Whatever he was, he wasn’t dead—at least not yet. My eyes growing accustomed to the dim light of the fire, I could see the slow rise and fall of his chest beneath nightshirt and quilt. A flask of water and a brandy bottle sat on the small table by the bed. The padded chair by the fire had a shawl thrown over its back; Jenny had been sitting there, watching over her brother.
There seemed no need now for haste. I untied the strings at the neck of my cloak, and spread the soggy garment over the chairback, taking the shawl in substitute. My hands were cold; I put them under my arms, hugging myself, to bring them to something like a normal temperature before I touched him.
When I did venture to place a thawed hand on his forehead, I nearly jerked it back. He was hot as a just-fired pistol, and he twitched and moaned at my touch. Fever, indeed. I stood looking down at him for a moment, then carefully moved to the side of the bed and sat down in Jenny’s chair. I didn’t think he would sleep long, with a temperature like that, and it seemed a shame to wake him needlessly soon, merely to examine him.
The cloak behind me dripped water on the floor, a slow, arrhythmic patting. It reminded me unpleasantly of an old Highland superstition—the “death-drop.” Just before a death occurs, the story goes, the sound of water dripping is heard in the house, by those sensitive to such things.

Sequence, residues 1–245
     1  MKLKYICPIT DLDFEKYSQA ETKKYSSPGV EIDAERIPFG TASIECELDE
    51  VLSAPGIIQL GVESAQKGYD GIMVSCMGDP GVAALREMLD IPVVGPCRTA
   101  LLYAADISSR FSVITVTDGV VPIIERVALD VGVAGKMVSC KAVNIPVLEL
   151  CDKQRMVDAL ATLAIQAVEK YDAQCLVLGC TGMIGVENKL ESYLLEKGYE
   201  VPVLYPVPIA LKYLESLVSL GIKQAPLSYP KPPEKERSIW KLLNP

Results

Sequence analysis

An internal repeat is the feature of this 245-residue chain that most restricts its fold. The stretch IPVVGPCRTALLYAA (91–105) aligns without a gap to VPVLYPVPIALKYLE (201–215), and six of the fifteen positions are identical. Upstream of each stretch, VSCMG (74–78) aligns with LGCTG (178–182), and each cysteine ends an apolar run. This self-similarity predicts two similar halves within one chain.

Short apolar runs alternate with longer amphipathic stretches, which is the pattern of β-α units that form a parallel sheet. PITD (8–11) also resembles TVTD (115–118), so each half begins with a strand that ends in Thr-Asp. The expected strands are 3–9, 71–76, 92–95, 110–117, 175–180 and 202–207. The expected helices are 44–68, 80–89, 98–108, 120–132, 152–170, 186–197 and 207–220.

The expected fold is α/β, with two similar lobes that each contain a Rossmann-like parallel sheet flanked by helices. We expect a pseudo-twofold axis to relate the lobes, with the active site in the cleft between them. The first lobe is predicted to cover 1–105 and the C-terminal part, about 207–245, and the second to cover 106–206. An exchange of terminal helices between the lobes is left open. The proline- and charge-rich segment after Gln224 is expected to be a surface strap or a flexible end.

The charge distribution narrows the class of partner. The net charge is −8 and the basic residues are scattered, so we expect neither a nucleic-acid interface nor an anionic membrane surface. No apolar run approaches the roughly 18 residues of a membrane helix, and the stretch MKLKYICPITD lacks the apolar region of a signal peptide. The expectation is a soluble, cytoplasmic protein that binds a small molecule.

I wasn’t, thank heaven, subject to noticing supernatural phenomena of that sort. No, I thought wryly, it takes something like a crack through time to get your attention. The thought made me smile, if only briefly, and dispelled the frisson I had felt at the thought of the death-drop.
As the rain chill left me, though, I still felt uneasy, and for obvious reasons. It wasn’t that long ago that I had stood by another makeshift bed, deep in the night-watches, and contemplated death, and the waste of a marriage. The thoughts I had begun in the wood hadn’t stopped on the hasty journey back to Lallybroch, and they continued now, without my conscious volition.
Honor had led Frank to his decision—to keep me as his wife, and raise Brianna as his own. Honor, and an unwillingness to decline a responsibility he felt was his. Well, here before me lay another honorable man.
Laoghaire and her daughters, Jenny and her family, the Scots prisoners, the smugglers, Mr. Willoughby and Geordie, Fergus and the tenants—how many other responsibilities had Jamie shouldered, through our years apart?
Frank’s death had absolved me of one of my own obligations; Brianna herself of another. The Hospital Board, in their eternal wisdom, had severed the single great remaining tie that bound me to that life. I had had time, with Joe Abernathy’s help, to relieve myself of the smaller responsibilities, to depute and delegate, divest and resolve.